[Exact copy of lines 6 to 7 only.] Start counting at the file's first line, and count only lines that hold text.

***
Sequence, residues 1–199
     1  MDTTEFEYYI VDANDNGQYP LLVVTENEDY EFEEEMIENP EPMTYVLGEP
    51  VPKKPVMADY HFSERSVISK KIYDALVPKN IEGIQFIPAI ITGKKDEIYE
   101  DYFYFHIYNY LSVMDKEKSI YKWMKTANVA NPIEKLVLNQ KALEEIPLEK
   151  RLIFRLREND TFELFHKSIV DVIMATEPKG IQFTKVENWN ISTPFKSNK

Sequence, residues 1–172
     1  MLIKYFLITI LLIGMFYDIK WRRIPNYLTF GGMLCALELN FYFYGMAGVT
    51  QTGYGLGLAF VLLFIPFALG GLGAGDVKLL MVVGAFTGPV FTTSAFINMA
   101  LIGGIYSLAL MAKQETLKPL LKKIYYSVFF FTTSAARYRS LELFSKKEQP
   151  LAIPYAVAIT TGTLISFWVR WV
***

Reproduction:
Sequence, residues 1–172
     1  MLIKYFLITI LLIGMFYDIK WRRIPNYLTF GGMLCALELN FYFYGMAGVT